Drywood termites don’t require much moisture to survive. Therefore, they can thrive within the drier woods found in attic spaces, hardwood floors, or higher-up areas of the home.

These termites tend to live in much smaller colonies and cause less invasive damage than subterranean termites. However, drywood termites can still make their homes outdoors in dead trees or other sources of dry wood.

Subterranean Termites

Subterranean termites live in huge colonies that number in the hundreds of thousands to millions. These can cause extensive damage as they eat their way through a house, fence, garage, or other structure.

Risks of Termites in Trees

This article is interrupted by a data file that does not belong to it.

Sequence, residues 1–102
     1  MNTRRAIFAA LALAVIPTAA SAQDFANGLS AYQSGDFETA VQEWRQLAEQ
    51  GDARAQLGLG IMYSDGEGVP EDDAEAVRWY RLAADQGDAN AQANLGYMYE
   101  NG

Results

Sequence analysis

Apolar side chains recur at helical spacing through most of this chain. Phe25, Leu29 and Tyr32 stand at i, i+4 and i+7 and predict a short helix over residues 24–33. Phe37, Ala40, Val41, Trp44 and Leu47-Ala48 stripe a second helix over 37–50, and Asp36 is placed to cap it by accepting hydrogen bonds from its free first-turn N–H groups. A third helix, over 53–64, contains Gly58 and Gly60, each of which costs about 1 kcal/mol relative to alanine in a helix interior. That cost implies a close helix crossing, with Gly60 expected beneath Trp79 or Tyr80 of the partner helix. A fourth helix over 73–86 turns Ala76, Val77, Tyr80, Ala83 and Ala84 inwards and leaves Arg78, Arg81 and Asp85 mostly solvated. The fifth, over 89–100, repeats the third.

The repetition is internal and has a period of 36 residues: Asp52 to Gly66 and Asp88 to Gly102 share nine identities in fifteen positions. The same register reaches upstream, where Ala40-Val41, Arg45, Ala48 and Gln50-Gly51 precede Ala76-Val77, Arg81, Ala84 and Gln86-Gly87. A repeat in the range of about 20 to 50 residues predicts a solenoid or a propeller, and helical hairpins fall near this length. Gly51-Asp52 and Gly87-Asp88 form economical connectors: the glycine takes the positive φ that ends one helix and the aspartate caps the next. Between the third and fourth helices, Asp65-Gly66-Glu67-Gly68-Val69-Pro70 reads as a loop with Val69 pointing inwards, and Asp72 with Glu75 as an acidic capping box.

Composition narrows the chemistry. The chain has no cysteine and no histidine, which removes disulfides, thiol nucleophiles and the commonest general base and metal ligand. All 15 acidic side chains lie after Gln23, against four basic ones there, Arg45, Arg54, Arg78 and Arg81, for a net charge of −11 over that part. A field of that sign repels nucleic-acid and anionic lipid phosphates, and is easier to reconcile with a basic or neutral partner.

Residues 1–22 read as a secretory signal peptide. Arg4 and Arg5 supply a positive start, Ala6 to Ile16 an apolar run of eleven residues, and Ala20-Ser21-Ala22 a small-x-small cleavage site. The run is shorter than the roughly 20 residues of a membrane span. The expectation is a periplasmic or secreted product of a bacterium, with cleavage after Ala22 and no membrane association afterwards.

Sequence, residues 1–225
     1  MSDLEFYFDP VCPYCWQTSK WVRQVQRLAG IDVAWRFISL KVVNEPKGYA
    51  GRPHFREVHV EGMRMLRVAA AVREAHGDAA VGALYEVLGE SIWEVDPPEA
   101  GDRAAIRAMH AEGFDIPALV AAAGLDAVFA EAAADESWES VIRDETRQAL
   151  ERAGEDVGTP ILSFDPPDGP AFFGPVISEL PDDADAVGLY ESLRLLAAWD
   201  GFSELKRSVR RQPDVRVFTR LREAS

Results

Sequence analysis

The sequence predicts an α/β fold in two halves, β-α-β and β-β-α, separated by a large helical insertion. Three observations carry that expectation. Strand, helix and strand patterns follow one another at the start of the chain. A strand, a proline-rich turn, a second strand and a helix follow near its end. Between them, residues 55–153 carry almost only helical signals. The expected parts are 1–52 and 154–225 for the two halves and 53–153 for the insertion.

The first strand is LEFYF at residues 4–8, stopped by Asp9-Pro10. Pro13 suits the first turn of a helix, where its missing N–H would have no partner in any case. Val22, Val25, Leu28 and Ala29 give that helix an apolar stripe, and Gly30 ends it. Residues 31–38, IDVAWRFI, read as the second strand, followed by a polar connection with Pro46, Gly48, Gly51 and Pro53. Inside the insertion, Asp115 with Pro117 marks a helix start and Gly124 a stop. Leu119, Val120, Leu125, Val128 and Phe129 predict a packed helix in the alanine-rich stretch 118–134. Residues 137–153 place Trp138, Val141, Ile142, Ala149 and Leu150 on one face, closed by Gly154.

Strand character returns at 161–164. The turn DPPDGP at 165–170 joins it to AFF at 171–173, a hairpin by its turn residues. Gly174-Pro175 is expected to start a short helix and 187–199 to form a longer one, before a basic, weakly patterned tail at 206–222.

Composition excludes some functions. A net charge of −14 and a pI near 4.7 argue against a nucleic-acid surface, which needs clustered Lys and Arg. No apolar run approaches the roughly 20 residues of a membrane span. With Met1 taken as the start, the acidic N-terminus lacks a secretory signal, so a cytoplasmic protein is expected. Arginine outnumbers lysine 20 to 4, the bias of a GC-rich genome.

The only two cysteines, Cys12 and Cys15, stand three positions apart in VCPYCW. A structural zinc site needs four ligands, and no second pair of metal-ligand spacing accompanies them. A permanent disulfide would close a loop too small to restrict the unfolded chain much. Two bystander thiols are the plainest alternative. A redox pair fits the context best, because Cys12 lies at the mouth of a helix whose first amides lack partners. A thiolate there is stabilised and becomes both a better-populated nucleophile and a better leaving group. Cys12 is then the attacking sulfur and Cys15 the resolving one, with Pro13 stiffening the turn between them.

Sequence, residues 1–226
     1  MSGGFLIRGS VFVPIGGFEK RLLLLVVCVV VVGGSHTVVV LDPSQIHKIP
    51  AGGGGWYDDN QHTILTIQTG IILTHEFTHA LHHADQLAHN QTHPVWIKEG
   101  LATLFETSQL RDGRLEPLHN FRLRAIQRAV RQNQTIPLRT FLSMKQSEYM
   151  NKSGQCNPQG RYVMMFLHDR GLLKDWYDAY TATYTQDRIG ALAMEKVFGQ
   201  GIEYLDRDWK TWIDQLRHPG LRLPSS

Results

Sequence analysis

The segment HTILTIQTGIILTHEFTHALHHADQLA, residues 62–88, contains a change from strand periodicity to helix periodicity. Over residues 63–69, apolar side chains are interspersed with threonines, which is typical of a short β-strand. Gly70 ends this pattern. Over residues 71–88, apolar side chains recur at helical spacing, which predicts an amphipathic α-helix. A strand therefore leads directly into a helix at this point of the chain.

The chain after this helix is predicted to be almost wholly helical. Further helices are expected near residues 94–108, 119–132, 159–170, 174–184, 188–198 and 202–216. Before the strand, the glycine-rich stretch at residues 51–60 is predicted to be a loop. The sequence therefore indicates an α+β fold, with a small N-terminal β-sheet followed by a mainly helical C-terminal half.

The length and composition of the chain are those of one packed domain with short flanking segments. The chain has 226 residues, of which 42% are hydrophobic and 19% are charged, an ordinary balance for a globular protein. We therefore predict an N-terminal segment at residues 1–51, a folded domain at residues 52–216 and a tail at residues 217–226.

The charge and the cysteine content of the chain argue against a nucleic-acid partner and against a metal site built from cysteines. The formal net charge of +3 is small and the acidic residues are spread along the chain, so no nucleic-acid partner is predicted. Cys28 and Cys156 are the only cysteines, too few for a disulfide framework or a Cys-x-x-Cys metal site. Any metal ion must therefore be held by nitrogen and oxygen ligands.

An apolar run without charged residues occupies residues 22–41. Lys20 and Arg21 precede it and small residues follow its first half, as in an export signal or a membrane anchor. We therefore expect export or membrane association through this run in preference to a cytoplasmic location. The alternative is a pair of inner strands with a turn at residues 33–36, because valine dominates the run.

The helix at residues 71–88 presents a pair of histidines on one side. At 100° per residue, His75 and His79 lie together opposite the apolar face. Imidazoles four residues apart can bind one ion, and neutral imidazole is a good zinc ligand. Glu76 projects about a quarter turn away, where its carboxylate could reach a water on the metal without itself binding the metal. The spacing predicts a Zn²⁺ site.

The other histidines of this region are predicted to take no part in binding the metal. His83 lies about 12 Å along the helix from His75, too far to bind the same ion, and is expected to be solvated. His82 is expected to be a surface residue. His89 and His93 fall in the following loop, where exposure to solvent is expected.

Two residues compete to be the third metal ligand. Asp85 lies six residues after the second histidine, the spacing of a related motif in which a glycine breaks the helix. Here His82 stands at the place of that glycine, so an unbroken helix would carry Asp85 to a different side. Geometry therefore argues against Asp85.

In certain settings, termites can be beneficial as it recycles decaying or fallen trees and stumps, which create room for new growth.

In a wild forest setting, termites are a part of the natural cycle of life, death, and regrowth. However, termites can infest a tree on your property in an urban setting, which provides them with a pathway to your home, garage, or other wooden structure.

As the colony attacks the healthy tree, the termites destroy a valuable source of shade and beauty. In addition, this creates the danger of falling limbs or even an entire free that could fall, which could damage your property, harm your family, or create liability issues.

Once these termites finish consuming the tree, they will move to your house, fence, or garage.